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News + PoliticsEd Lee and the FBI corruption charges

Ed Lee and the FBI corruption charges

Raymond Chow’s lawyers haven’t proven that the mayor is involved in anything illegal. But damn, this doesn’t look good

You'd think Mayor Lee would at least address the allegations, but nothing so far
You’d think Mayor Lee would at least address the allegations, but nothing so far

By Tim Redmond

AUGUST 4, 2015 – I was pretty sure what the lawyers for Raymond “Shrimp Boy” Chow were going to do as part of their defense: They were going to argue that Chow was just a small player in a much-larger corruption scheme, and seek to prove that the feds ignored the actions of a lot of other prominent San Franciscans while selectively focusing on him.

They released the first salvo today, filing a motion in court to dismiss all the charges on the grounds of selective prosecution. The Examiner broke the story (and isn’t it sad that all hell has broken loose at that paper and its SF Weekly cousin, when this city clearly needs real reporters who dig into documents?)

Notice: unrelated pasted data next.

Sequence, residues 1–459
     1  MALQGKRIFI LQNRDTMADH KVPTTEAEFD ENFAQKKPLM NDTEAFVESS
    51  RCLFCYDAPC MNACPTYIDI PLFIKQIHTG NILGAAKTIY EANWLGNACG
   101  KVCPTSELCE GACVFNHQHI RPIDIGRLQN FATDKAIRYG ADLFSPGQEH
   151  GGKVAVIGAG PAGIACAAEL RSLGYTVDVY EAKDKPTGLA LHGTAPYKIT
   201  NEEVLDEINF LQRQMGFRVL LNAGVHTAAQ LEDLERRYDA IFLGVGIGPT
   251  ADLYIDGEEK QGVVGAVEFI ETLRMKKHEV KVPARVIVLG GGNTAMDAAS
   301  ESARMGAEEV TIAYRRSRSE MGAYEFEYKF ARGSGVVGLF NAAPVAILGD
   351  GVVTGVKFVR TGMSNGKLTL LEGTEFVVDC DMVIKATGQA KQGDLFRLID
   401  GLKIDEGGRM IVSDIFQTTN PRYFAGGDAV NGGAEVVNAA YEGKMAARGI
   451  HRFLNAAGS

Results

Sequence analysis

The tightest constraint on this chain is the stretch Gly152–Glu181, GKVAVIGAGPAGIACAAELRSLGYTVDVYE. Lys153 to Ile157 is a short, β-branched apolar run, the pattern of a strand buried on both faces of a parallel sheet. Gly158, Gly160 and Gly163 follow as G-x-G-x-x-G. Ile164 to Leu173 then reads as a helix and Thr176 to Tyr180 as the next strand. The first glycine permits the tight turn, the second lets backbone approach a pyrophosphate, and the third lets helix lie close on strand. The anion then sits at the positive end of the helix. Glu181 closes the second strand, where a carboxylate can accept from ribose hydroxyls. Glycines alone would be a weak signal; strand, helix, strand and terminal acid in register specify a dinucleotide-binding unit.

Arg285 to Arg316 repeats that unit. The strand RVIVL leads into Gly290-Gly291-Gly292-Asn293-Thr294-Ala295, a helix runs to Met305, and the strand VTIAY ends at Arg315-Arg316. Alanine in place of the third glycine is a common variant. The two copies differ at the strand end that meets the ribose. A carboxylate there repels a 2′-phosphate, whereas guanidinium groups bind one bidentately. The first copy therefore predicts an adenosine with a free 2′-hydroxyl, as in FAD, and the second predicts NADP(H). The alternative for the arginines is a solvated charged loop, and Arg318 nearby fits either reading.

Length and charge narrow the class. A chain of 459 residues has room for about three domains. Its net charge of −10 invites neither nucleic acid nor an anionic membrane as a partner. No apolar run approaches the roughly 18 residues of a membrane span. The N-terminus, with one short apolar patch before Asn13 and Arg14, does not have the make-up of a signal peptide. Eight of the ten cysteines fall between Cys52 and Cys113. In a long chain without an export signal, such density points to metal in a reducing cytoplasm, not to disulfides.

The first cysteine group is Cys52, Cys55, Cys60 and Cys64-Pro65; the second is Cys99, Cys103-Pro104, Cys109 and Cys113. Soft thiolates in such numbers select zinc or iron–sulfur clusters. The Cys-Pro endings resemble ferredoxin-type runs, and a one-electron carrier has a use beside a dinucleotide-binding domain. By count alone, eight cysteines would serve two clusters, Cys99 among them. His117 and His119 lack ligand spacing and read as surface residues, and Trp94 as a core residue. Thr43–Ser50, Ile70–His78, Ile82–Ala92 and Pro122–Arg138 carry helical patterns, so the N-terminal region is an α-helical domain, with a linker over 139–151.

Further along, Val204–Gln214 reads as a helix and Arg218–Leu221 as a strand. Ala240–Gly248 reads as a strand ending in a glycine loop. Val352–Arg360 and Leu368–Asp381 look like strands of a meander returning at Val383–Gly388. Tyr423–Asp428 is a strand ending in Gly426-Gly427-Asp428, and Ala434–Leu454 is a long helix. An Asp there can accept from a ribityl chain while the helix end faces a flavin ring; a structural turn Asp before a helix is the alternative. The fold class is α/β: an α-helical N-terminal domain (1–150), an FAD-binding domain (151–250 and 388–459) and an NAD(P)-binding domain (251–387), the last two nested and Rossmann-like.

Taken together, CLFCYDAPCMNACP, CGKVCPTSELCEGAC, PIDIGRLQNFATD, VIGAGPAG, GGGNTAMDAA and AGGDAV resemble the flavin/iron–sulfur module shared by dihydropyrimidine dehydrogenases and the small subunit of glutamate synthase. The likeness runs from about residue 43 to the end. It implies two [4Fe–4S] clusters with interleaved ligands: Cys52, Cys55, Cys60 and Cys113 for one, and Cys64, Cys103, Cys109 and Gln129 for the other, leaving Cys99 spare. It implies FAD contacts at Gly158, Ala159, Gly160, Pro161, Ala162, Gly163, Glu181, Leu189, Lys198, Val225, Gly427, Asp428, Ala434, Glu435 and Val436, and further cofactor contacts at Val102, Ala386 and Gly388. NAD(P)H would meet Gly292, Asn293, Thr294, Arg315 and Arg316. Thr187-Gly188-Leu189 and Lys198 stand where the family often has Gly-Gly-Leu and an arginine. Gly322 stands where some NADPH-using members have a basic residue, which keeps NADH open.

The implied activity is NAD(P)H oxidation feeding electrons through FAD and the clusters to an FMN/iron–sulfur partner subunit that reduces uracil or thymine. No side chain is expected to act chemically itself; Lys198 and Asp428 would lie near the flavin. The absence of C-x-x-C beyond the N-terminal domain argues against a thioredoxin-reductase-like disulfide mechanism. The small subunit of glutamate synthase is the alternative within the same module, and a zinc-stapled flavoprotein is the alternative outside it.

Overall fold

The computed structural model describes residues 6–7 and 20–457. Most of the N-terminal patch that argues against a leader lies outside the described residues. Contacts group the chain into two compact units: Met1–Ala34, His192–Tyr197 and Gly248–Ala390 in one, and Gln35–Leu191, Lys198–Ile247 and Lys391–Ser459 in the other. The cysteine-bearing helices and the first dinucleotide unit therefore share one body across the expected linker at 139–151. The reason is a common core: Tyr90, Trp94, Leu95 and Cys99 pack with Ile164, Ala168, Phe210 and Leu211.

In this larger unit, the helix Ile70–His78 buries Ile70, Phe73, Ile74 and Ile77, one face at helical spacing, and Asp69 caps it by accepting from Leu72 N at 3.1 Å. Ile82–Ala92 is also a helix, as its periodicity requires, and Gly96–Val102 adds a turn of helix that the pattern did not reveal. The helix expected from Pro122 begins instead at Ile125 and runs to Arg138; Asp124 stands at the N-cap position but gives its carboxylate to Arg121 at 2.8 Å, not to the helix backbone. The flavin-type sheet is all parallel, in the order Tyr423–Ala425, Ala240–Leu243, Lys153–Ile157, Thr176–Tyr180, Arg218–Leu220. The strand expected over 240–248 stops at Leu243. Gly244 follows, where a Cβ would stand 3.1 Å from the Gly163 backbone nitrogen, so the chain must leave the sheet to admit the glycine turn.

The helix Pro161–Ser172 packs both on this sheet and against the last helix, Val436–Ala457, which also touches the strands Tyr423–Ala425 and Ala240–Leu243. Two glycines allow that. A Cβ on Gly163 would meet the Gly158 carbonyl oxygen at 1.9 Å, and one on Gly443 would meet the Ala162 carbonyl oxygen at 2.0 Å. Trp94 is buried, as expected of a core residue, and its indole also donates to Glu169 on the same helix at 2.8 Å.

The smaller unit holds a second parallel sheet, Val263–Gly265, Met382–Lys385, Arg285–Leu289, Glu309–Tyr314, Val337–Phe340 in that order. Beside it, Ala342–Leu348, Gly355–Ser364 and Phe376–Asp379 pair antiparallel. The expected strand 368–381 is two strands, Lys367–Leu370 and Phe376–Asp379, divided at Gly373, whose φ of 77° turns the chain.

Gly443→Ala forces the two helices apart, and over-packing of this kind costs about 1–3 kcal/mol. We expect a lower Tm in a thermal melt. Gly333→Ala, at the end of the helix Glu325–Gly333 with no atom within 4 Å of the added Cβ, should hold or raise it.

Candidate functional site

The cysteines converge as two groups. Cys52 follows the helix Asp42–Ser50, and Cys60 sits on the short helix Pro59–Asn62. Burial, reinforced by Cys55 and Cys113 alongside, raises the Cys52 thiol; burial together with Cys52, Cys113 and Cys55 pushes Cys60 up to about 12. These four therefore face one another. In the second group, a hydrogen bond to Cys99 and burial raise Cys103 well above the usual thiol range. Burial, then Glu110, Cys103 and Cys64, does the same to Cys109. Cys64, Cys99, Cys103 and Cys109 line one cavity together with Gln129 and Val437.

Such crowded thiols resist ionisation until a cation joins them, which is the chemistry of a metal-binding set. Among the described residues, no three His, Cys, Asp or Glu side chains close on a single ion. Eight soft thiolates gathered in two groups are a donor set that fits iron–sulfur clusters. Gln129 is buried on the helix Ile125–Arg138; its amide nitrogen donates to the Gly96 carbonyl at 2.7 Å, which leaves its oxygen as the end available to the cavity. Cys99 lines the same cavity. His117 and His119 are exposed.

The Chron has pretty much dismissed the allegations against the mayor, and I agree that there is nothing specific in the FBI documents attached to the filing to prove that Lee did anything wrong.

(The Examiner uploaded the motion from Chow’s lawyers but not the attachments; KQED has uploaded them all here.)

But the whole filing paints a sad, sordid picture of San Francisco politics and suggests once again that the legacy of Willie Brown and Ed Lee is one where underlings are taught to do what’s necessary to bring in the money for campaigns and to build political power – and the public interest isn’t really a factor.

The worst, I think, is the FBI filing that quotes Zula Jones, who was once indicted for rigging contracts (the charges were later dropped) discussing how things really work in the city:

“We pay to play here. We got this. … [Lee] is a moderate business focus mayor. He was pretty much trained and developed by Willie Brown, the same as myself and we were trained to get the job done.”